“Perfect,” I thought, “I’m going to enjoy my little bit of alone time.” Twenty minutes later, disaster struck.

When we first arrived, the Captain put up the trailer awning. You would think he knew about raising sails…. I made the mistake of suggesting that this was not a good idea because northeastern Montana is prairie-like and the wind whistles  unimpeded across the land. Of course, as soon as I  said “Don’t,” he did. Why don’t I learn?

“If it’s too windy, I’ll take it down,” he’d said.

He left. I settled in,  enjoying my laptop and connecting with friends by email. Moments later, the whole trailer began to shake. A big gust of wind buffeted it. Visions went through my head –  the trailer with me inside, bouncing across the prairie like a giant vinyl tumbleweed. I pulled the curtains aside and looked out the window. The canvas was billowing high, and the aluminum support on one side had collapsed so the awning hung onto the trailer at an odd twisted angle.

53More gusts. I had to do something or we might roll over. Outside, I stood wondering what to do. If I did the wrong thing, a big wind gust  could rip the awning or the aluminum supports out of my hands and smash them into the trailer. One support was higher than the other. I tried to lower it one notch at a time by opening the lever and un-telescoping the support. You would think that was the sensible and easy thing to do, except that the pin that holds the telescoped part in place is no longer responding to the lever action when I try to release it. The pin is either broken off or hanging by a thread. I muscled the thing to push it up and used needle-nosed pliers to poke the metal pin back through the slots that held the support in place, but all it did was slide into the next slot down and the struggle began all over again. The old whiplash injury in my neck began to scream in pain at the effort and I had to give up for a while. More gusts of wind. I tried again. More neck pain. I gave up and resigned myself to becoming a tumbleweed.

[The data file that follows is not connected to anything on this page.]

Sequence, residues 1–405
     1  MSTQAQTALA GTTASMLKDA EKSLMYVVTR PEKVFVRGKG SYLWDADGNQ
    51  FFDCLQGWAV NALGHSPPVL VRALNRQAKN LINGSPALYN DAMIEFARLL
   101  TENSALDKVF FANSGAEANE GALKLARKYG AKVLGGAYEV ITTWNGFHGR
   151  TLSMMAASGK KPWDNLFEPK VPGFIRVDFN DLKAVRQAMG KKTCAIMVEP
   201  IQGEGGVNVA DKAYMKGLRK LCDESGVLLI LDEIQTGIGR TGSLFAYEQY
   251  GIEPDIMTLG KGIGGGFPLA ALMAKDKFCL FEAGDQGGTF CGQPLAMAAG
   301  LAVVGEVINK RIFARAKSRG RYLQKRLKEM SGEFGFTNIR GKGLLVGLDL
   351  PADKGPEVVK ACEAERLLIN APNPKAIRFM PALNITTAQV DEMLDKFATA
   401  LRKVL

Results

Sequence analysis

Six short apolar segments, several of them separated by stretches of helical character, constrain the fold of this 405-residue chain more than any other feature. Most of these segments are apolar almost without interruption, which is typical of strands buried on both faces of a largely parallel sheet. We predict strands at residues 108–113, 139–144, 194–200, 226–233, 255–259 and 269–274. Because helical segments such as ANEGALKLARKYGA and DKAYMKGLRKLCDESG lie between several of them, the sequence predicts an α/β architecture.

52I didn’t get much emailing done, or enjoy my “alone time.” I fretted until the Captain came back.

What I had struggled with for two hours took him less than five minutes to fix.

“Huh!” he said, “I didn’t think it was going to be that windy.”

I was dying to say “I told you so,” but what would have been the point?

All Up in the Hills

With apologies to my oldest followers, I’m reblogging this post from four years ago.

Pictures were taken with my tiny Olympus camera before the days of my Nikon. Only this first photo is different, taken by my friend, Ken Johnston.

grizzly

A few years ago, the Captain and I went on a camping trip west of Williams Lake in BC with another couple to fish the highly esteemed Chilko River.

Chilko River

I knew it was grizzly country but in spite of my ursaphobia I didn’t want to miss out on this adventure.

Choelquoit Lake with the Chilko River Valley at the base of the mountains.

Chilko Lake ahead with Chilko River flowing out of it.